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Land 2015, 4(4), 1200-1212; doi:10.3390/land4041200

The Role of Citizen Science in Landscape and Seascape Approaches to Integrating Conservation and Development

1
Centre for Tropical Environmental and Sustainability Science, College of Marine and Environmental Sciences, James Cook University, P.O. Box 6811, Cairns, QLD 4870, Australia
2
Research Centre for Climate Change, University of Indonesia, Kampus UI Depok, West Java 16424, Indonesia
3
Kuranda Envirocare, Kuranda, QLD 4881, Australia
4
The Cairns Institute, James Cook University, P.O. Box 6811, Cairns, QLD 4870, Australia
5
The Fenner School of Environment and Society, Australian National University, Linnaeus Way, Canberra, ACT 2601, Australia
*
Author to whom correspondence should be addressed.
Academic Editor: Andrew Millington
Received: 7 October 2015 / Revised: 22 November 2015 / Accepted: 3 December 2015 / Published: 9 December 2015
View Full-Text   |   Download PDF [727 KB, uploaded 9 December 2015]   |  

Abstract

Initiatives to manage landscapes for both biodiversity protection and sustainable development commonly employ participatory methods to exploit the knowledge of citizens. We review five examples of citizen groups engaging with landscape scale conservation initiatives to contribute their knowledge, collect data for monitoring programs, study systems to detect patterns, and test hypotheses on aspects of landscape dynamics. Three are from landscape interventions that deliberately target biodiversity conservation and aim to have sustainable development as a collateral outcome. The other two are driven primarily by concerns for agricultural sustainability with biodiversity conservation as a collateral outcome. All five include programs in which, management agencies support data collection by citizen groups to monitor landscape changes. Situations where citizen groups self-organise to collect data and interpret data to aid in landscape scale decision making are less common and are restricted to landscapes where the inhabitants have a high level of scientific literacy. Given the complexity of landscape processes and the multiple decision makers who influence landscape outcomes we argue that citizen science broadly defined should be an essential element of landscape scale initiatives. Conservation managers should create space for citizen engagement in science and should empower citizen groups to experiment, learn, and adapt their decision-making to improve landscape scale outcomes. View Full-Text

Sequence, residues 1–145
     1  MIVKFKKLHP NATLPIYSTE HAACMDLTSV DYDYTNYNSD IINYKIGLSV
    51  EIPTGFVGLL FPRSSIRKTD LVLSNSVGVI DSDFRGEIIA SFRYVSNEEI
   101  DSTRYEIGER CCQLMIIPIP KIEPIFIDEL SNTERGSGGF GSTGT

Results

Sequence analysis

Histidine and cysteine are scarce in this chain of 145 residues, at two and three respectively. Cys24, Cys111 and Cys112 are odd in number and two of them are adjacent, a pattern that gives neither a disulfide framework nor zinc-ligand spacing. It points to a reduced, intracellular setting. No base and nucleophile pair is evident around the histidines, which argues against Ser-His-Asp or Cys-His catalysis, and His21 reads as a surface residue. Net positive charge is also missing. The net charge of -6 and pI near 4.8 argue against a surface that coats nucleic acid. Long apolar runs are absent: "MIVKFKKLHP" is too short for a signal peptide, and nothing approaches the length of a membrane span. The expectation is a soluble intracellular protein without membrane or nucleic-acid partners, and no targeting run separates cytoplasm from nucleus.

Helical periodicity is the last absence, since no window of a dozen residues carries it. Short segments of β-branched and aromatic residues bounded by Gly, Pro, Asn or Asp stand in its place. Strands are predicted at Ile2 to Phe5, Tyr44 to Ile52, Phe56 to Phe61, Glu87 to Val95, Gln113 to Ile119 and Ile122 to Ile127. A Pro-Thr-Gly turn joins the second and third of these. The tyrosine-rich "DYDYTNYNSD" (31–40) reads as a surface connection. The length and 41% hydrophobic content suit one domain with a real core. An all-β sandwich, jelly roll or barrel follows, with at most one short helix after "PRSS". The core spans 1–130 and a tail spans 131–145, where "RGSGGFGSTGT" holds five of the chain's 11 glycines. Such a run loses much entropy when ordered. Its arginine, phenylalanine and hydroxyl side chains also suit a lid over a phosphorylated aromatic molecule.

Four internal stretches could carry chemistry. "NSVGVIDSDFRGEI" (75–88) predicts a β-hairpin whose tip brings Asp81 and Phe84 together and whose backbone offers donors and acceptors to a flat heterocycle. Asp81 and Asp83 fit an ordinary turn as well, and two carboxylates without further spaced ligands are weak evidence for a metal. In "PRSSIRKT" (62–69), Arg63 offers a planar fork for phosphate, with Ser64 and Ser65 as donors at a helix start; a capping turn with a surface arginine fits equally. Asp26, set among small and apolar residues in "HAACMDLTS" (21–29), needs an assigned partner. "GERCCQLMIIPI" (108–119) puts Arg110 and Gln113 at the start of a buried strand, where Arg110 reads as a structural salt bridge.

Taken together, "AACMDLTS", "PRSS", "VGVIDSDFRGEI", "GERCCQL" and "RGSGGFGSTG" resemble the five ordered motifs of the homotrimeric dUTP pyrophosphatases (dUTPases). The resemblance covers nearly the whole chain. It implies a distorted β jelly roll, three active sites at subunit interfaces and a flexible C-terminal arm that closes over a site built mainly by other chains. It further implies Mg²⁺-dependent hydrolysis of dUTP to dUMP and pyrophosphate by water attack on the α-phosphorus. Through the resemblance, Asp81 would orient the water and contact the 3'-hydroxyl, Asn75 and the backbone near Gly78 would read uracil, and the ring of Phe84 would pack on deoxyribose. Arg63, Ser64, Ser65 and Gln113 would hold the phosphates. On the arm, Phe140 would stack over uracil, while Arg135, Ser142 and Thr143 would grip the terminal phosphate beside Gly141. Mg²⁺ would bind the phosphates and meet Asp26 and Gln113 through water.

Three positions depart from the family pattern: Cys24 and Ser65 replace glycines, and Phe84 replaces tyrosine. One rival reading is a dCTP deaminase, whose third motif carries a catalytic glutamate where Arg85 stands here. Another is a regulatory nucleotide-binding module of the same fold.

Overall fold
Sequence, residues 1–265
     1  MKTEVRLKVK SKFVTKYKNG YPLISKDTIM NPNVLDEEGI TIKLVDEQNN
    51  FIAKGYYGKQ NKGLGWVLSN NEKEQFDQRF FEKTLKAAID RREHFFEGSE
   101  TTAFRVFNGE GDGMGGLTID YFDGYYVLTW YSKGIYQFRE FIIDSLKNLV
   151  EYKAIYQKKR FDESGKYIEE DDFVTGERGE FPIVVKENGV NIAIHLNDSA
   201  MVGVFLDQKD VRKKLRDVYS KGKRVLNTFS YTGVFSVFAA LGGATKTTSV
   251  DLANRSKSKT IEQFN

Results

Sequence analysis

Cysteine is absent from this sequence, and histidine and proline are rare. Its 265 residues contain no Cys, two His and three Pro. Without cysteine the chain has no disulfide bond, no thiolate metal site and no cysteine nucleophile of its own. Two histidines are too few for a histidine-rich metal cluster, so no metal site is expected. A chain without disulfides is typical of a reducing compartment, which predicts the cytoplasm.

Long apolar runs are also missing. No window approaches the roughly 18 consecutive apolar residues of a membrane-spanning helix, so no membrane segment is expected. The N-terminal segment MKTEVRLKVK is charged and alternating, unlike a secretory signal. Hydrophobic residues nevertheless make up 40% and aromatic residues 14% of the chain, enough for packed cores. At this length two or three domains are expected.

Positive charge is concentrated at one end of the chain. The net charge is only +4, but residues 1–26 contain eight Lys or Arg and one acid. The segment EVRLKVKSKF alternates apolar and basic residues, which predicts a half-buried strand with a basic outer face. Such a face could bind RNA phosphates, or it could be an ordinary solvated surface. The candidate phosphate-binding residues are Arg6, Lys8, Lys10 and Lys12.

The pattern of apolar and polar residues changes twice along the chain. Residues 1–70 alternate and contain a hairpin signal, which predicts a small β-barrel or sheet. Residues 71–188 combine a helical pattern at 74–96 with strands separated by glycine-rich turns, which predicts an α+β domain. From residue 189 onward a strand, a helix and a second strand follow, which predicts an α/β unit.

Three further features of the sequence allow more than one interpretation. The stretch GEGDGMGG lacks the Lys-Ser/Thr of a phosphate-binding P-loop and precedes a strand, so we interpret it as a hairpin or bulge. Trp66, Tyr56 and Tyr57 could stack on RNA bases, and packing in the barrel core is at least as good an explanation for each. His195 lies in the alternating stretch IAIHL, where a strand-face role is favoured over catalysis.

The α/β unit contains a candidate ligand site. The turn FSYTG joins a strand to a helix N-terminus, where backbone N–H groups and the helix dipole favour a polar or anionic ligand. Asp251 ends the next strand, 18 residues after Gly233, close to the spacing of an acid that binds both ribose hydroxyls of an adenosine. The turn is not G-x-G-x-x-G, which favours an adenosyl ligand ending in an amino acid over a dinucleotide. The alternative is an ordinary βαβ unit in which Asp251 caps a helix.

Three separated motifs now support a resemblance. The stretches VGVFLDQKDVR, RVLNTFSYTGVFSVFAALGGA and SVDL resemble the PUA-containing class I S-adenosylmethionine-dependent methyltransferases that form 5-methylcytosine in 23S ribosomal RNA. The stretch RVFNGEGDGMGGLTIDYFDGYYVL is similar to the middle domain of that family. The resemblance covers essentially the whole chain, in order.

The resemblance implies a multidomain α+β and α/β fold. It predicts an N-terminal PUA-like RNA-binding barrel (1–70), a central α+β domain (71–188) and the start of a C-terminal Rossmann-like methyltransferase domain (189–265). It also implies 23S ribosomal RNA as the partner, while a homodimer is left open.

Keywords: landscape approaches; conservation and development trade-offs; integrated landscape management; social learning; biodiversity surveys and monitoring landscape approaches; conservation and development trade-offs; integrated landscape management; social learning; biodiversity surveys and monitoring
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This is an open access article distributed under the Creative Commons Attribution License which permits unrestricted use, distribution, and reproduction in any medium, provided the original work is properly cited. (CC BY 4.0).

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MDPI and ACS Style

Sayer, J.; Margules, C.; Bohnet, I.; Boedhihartono, A.; Pierce, R.; Dale, A.; Andrews, K. The Role of Citizen Science in Landscape and Seascape Approaches to Integrating Conservation and Development. Land 2015, 4, 1200-1212.

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